The process of turning a creative idea into a viable and profitable economic enterprise. It is a highly personal endeavor, often involving aspirations and goals that are unique to the entrepreneur. It is also a permanent challenge, one that requires an ability to juggle cash flow and make decisions that impact the quality of life of the entrepreneur and those who work for him or her.
Those who are serious about becoming entrepreneurs must begin with a solid business plan and a commitment to research. They must identify a market that will be willing to pay for their product or service, and determine whether it is cost-effective for them to produce their business concept. They should also learn how to market and promote their product or services.
A common piece of advice given to potential entrepreneurs is to “monetize what you love.” While this may be sound business advise, it overlooks two important factors: the venture must be something that people want to buy and it must be viable for you to do. For example, how profitable is it to turn your passion for collecting models into a model-selling business?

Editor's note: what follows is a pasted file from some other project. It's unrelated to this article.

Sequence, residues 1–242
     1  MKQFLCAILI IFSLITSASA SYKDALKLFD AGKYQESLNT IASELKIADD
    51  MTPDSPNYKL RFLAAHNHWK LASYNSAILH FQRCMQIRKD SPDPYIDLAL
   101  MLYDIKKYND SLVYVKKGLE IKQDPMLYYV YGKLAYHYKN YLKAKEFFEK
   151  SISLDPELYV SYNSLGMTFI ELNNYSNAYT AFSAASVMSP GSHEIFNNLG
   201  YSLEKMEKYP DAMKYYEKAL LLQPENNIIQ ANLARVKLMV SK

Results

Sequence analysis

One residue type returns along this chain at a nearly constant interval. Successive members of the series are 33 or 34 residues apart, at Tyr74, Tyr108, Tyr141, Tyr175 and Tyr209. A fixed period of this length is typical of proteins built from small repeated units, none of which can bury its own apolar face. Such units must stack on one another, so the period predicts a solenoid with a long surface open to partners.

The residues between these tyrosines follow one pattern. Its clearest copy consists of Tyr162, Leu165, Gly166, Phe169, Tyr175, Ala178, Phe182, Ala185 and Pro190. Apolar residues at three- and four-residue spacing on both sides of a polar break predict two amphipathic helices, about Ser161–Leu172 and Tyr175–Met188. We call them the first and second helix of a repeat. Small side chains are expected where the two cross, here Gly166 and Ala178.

After a new business venture has been developed and tested, it may move to Stage III (survival). Some businesses remain at this stage for a long time, earning marginal returns on their invested time and capital. Others fail completely and drop out of sight. Most start-ups, however, eventually reach this stage, which is characterized by more formal communications and budgets and a shift in focus from general business management to specific activities like marketing and production.